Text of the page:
Big data’ seems to be the technical jargon making waves in the technology space today. Big data supporters are continuously making a case on how it can transform the way businesses operate today. The belief is that it can help pitch better business performance in the end. The Big data concept promises to “revolutionise our everyday lives.”
According to American multinational technology band consulting firm, IBM, every day, we create 2.5 quintillion bytes of data – so much that 90 per cent of the data in the world today has been created in the last two years alone. This data comes from everywhere: sensors used to gather climate information, posts to social media sites, digital pictures and videos, purchase transaction records, and cell phone GPS signals, to name a few. This data is ‘big data’ indeed!
Big data is going to change the way we do things in the future – how we gain insight, and make decisions. The change isn’t going to be a replacement, rather it is a synergy and extension.
Okay, do you know what ‘Big Data’ is? For the purpose of this piece, let us start with a few working definitions.
Webopedia.com states, “Big data is a buzzword, or catch-phrase, used to describe a massive volume of both structured and unstructured data that is so large that it’s difficult to process using traditional database and software techniques.”
According to a US-based analytics software developer company, SAS Institute, “Big data is a popular term used to describe the exponential growth and availability of data, both structured and unstructured.”
The key word from the definitions above is ‘massive volume of data which is both structured and unstructured’. Data is the life stream of business operation – from sales lead generation, to sales prospecting, closing the sales leads to generating the revenues and translating to profits etc.
The business world is driven by data and this data are on a massive scale which must be collected, structured and made into useful insight to help with making better business decisions. This exactly is the reason for the ‘loud noise’ around ‘Big Data’. With Big data, business executives can make better business decisions or create new business opportunities. There are three classes of value Big Data brings to businesses and organizations. These are cost reduction, decision improvement, and improvement in products and services.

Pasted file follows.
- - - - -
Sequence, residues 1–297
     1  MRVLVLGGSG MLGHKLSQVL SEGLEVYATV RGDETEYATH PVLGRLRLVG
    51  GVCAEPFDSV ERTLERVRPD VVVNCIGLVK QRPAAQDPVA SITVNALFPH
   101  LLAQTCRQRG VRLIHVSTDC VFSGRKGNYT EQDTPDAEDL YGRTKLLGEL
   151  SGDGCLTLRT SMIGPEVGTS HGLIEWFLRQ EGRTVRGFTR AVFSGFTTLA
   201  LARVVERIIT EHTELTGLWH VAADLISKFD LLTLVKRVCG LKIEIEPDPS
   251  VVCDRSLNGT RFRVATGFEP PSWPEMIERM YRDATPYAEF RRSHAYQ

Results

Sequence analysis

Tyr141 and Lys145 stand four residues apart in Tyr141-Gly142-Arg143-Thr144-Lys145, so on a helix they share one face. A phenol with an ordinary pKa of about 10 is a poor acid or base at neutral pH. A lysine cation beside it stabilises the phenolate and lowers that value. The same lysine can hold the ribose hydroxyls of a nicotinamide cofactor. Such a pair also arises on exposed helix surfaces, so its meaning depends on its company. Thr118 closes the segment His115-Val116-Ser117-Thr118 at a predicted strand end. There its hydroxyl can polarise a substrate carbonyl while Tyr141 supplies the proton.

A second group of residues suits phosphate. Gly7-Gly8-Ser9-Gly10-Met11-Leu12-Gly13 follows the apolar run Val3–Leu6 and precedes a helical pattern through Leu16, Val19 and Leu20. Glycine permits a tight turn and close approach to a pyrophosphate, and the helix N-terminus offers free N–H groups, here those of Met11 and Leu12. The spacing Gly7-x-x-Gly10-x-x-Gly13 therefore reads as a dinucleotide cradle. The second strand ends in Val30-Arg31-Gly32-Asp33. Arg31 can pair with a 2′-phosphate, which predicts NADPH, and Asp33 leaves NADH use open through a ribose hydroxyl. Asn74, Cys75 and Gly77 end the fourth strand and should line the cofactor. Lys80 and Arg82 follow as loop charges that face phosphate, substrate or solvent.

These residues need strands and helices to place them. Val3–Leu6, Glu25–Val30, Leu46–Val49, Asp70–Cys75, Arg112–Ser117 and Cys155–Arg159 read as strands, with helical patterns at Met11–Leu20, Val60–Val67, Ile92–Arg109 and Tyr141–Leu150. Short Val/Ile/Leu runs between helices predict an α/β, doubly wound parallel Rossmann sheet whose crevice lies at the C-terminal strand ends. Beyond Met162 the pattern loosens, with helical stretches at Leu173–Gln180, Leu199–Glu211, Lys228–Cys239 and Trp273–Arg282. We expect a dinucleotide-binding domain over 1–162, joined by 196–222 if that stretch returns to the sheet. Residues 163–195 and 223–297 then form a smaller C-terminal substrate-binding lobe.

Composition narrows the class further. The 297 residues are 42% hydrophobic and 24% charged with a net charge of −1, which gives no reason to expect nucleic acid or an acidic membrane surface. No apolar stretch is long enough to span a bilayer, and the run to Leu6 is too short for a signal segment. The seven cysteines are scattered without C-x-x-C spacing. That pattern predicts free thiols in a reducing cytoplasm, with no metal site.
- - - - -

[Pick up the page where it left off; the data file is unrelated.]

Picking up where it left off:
In human resources, data thus abound as well – labour population statistics, unemployment figures, employee personal information, employee turnover figures, salary data across organisations and industry etc. The list is enormous to mention. The point here is that data abound in human resources, and HR professionals cum business leaders that hope to play in the 21st century must sure embrace ‘Big data’.
With the arrival of Big data, HR is faced with an unprecedented opportunity to become more data-driven, analytical and strategic in the way that it acquires talent. Big Data can help HR professionals find and hire the right candidate for every position in the organisation – faster and more cost-effective.
According to eQuest, a global job posting distribution firm, “Big data offers HR the opportunity to take its evidence-based decision making to an entirely new level by factoring in an unprecedented amount of data from a wide array of sources, some of which might never have been considered previously. Big data will enable HR to test theories, proactively solve problems and conduct more complex predictive analytics related to sourcing and hiring strategies.”
The real value of Big Data is that it gives HR the ability to capitalise on more powerful technologies and an exponentially greater amount of data to make more accurate evidence-based decisions and then take faster action on those decisions. This creates significant competitive advantages – not only in the war for talent but also in the organisation’s ability to execute its business strategies more effectively.
Employers hire for a reason. They have an immediate need for talent that is critical to the execution of their business objectives. Uniformed sourcing and hiring practices lead inevitably to hiring delays and poor candidate selection, and these result in delays to the achievement of business objectives.
Employers need to leverage a mix of both traditional and ‘newer’ talent-sourcing strategies to build their talent pipelines. Savvy employers are careful to allocate their resources – time, money and people – to activities that produce optimal outcomes.
Big Data can be leveraged to identify both which sources will be most effective and what the expected volume of candidate flow will be. The forecast for the optimal sources and the anticipated candidate flow can now be made with greater accuracy and precision. The competitive advantage of knowing in advance which hiring sources will produce the best results is clear – better hiring at the shortest possible time and at a reduced cost.